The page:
Jim Perry

The less-famous half of the second-winningest brother combination in ML history, Jim Perry won 215 games in 17 seasons, and younger brother Gaylord added 314 to boost the family total to a whopping 529. A tall, trim righthander, Perry overcame several seasons in Twins manager Sam Mele‘s doghouse, as well as the rap that he was “too nice” to win consistently in the ML, and in 1970 won the AL Cy Young Award with a 24-12 record.

Perry was first signed by the Indians, and in his second season he led the AL in starts (36), wins (18), and shutouts (four) as Cleveland’s number-one starter. His ERA jumped to 4.71 in 1961, and after a 12-12 season in 1962 he was traded to the Twins for pitcher Jack Kralick in May 1963. Perry shuttled between the bullpen and starting rotation in his first six seasons with the Twins, usually only starting when injuries or doubleheaders necessitated it, and he pitched well, posting only one ERA above 3.00 from 1965 to 1968. In 1965 Minnesota even placed Perry on waivers, and after he went unclaimed he won seven straight games to help the Twins to the World Series.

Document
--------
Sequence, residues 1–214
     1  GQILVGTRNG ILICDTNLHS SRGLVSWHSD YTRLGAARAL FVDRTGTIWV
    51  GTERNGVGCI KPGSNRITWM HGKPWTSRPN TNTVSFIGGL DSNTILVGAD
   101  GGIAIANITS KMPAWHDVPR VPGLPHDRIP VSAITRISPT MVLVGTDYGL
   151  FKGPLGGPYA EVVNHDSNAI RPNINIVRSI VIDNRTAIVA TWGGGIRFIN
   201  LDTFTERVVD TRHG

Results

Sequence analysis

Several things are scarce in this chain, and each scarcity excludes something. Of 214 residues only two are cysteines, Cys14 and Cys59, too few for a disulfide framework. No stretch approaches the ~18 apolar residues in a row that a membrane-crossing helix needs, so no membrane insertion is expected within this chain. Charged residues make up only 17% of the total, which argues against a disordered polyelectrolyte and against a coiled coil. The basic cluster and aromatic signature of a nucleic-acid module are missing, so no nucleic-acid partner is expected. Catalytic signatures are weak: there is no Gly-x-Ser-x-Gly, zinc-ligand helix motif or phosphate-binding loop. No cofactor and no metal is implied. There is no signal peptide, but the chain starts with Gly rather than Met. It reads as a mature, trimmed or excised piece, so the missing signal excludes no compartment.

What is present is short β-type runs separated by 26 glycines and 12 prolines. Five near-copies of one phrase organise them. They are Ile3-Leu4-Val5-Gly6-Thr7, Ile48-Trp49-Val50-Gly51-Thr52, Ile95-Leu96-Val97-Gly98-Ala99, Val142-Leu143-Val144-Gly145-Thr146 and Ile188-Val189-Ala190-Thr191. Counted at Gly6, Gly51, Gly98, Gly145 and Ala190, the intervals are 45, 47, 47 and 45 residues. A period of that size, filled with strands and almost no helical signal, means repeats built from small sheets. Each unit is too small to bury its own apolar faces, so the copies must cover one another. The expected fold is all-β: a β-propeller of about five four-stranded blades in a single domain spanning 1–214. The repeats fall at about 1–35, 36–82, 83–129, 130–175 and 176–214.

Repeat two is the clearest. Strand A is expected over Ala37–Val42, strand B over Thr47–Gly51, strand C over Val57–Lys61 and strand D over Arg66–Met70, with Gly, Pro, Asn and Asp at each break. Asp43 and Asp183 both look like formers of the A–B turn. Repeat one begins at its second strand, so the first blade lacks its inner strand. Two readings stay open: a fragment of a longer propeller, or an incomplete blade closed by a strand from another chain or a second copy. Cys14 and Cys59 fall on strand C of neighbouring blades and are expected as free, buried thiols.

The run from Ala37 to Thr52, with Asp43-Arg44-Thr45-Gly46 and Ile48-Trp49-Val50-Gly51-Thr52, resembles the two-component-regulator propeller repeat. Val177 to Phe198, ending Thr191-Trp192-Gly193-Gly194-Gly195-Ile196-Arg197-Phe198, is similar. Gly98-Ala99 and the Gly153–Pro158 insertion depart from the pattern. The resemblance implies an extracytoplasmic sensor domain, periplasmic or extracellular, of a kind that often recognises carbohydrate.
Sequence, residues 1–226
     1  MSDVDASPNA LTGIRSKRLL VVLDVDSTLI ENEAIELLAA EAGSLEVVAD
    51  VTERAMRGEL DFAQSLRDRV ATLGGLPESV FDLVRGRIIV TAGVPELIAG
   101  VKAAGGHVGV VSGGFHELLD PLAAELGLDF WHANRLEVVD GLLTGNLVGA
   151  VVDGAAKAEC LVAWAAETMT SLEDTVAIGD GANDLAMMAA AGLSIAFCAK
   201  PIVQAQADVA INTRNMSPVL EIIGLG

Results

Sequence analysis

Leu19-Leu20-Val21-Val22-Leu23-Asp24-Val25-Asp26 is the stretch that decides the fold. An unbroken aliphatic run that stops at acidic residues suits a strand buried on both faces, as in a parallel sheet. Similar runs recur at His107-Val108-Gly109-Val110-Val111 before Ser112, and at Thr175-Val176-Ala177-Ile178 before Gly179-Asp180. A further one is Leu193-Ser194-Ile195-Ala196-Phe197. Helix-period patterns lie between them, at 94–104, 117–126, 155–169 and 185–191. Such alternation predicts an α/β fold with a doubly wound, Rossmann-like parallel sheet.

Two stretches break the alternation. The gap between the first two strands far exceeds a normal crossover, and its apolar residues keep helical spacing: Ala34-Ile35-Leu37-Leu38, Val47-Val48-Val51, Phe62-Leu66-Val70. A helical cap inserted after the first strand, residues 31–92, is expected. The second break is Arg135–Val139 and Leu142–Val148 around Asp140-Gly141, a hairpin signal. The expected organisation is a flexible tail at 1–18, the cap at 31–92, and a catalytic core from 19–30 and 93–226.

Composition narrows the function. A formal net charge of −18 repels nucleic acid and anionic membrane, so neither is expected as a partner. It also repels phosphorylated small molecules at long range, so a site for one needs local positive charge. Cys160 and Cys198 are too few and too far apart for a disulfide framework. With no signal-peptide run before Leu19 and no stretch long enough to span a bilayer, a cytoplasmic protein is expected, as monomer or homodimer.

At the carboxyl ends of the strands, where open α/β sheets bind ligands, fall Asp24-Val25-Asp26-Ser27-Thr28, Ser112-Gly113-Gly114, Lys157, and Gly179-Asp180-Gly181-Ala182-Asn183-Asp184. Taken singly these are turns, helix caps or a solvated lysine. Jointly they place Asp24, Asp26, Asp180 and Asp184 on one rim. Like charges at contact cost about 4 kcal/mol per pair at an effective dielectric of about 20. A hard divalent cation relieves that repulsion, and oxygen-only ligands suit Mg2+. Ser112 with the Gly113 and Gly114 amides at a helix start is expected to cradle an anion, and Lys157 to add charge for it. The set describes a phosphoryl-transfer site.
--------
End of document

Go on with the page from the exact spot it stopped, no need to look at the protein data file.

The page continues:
Billy Martin became the Twins’ manager in 1969, and Perry immediately took over as the number-one starter, going 20-12 with a 2.82 ERA as the Twins won the AL West. The following year, he won the AL Cy Young Award with his 24-12, 3.03 record as the Twins won a second straight division title, but they were swept by the Orioles in the LCS for the second year in a row, with Perry losing Game One. He averaged over 15 wins a year from 1971 to 1974, but was traded to the Tigers in 1973 and to the Indians in 1974 before finishing his career with Cleveland and Oakland in 1975.

At the plate Perry was a switch-hitter, and boasted a respectable .199 career average.